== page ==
Queen guitarist Brian May and Black Sabbath riff-master Tony Iommi have been close friends for decades, and, for almost as long, the two have said that they'd love to collaborate with one another.
Though the two have performed onstage - most notably at the Freddie Mercury Tribute Concert in 1992 - and in the studio together - for the all-star Rock Aid Armenia cover of Deep Purple's "Smoke on the Water" - no music from the two guitar gods alone has seen the light of day, yet.
When asked in a recent interview if there was any chance of the long-rumored meeting-of-the-musical-spirits occurring though, May didn't exactly rain on the parade.
“I think there is a chance. We do more talking than anything else, but we do a lot of talking," May told Guitar World .
"He is really my dearest friend in the business and has been for so many years. I could write books about Tony because he’s just the most [pauses]... I don’t even know how to put it into words. You know, he’s a luminous human being is Tony, with a wonderful, kind nature and an incredibly baffling sense of humor.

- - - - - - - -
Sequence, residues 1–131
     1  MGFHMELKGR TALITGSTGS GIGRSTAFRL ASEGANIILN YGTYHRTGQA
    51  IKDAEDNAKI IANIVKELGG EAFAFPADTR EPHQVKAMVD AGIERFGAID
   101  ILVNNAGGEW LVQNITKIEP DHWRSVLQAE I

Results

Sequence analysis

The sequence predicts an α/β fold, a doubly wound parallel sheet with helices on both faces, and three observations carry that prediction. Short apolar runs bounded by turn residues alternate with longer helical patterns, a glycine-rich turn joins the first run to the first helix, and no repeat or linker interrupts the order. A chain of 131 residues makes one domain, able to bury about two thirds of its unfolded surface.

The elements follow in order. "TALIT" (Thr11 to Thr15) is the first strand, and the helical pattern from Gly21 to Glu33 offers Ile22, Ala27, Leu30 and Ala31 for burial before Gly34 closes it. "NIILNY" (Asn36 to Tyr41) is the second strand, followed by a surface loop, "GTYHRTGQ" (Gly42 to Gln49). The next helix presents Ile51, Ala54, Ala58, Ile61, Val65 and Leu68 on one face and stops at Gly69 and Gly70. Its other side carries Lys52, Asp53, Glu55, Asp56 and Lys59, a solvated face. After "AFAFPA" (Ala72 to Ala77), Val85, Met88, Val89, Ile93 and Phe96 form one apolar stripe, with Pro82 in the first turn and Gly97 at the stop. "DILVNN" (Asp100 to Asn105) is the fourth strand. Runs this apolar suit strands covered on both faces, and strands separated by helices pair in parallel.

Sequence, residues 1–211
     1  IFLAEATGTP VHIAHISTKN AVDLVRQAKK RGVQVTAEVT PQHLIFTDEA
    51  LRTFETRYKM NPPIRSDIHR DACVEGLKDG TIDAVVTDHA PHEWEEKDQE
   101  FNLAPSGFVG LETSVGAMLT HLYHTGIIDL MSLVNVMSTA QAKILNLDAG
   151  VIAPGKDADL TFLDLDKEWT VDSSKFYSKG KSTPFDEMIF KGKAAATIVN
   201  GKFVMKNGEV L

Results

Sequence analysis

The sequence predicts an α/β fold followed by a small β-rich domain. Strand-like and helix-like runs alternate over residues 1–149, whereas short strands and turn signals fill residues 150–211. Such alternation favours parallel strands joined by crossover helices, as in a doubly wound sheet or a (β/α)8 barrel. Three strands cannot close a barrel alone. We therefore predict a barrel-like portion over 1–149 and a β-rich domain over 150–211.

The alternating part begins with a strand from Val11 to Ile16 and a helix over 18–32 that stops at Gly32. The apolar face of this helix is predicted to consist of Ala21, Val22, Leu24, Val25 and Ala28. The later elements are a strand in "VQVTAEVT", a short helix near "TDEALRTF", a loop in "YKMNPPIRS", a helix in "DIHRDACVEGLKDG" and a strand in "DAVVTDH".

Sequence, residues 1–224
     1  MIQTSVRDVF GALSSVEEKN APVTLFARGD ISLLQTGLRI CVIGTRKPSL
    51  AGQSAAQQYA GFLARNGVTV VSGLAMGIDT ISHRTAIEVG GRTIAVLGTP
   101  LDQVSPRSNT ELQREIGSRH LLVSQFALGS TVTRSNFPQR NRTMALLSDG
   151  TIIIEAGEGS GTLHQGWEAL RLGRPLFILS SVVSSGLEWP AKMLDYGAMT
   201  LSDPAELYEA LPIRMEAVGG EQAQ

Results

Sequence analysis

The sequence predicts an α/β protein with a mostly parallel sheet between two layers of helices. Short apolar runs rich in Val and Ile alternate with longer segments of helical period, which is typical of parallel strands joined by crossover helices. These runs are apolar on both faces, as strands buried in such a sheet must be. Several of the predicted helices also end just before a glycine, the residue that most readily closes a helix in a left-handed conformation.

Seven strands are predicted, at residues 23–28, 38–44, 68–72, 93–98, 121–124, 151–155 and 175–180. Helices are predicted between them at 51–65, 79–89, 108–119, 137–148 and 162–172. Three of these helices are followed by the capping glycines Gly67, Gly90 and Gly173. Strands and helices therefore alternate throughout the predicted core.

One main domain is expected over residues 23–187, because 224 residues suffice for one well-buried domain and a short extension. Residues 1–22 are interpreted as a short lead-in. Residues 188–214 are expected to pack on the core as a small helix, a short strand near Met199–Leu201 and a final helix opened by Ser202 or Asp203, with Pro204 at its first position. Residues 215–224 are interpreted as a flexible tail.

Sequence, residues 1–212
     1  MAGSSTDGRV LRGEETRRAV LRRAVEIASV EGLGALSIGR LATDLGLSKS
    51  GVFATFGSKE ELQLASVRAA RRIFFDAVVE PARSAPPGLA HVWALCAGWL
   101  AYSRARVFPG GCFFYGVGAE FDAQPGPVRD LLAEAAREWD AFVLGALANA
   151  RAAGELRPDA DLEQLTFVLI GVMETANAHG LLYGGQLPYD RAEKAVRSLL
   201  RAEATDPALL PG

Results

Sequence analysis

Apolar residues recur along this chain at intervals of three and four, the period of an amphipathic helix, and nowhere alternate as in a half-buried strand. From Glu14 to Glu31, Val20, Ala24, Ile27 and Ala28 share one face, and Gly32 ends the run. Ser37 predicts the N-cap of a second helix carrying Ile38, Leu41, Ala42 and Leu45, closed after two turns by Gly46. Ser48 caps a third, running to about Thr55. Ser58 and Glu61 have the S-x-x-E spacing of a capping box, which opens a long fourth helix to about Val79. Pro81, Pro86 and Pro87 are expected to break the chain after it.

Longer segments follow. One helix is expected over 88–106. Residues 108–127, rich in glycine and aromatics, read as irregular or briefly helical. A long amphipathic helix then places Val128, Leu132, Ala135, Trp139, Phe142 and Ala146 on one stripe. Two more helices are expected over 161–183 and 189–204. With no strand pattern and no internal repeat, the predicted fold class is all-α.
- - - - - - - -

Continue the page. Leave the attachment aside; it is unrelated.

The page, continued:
“And, of course, he is the father of heavy metal. He did that. He made that happen. And it’s from his fingers and his mind. That young ex-welder, he made that happen. So, you know, he forever wears that medal, I think. He founded this stuff, heavy metal, in my opinion."
Supergroups aren't always more than the sum of their parts but come on! It's hard not to root for hearing two of the all-time-greats join forces.
Get The Pick Newsletter
All the latest guitar news, interviews, lessons, reviews, deals and more, direct to your inbox!
Jackson is an Associate Editor at GuitarWorld.com and GuitarPlayer.com. He’s been writing and editing stories about new gear, technique and guitar-driven music both old and new since 2014, and has also written extensively on the same topics for Guitar Player. Elsewhere, his album reviews and essays have appeared in Louder and Unrecorded. Though open to music of all kinds, his greatest love has always been indie, and everything that falls under its massive umbrella. To that end, you can find him on Twitter crowing about whatever great new guitar band you need to drop everything to hear right now.
"B.B. King Had a Left Hand That Could Do Things That Were Not of This Earth. I Knew I Could Never Do Any of That": Blues Legend Buddy Guy Explains How Learning What He Could (and Couldn't) Do from His Guitar Heroes Shaped His Unique Style
60 Years on, The Rolling Stones Are Still Going Strong. Hear Their New Single, "Angry"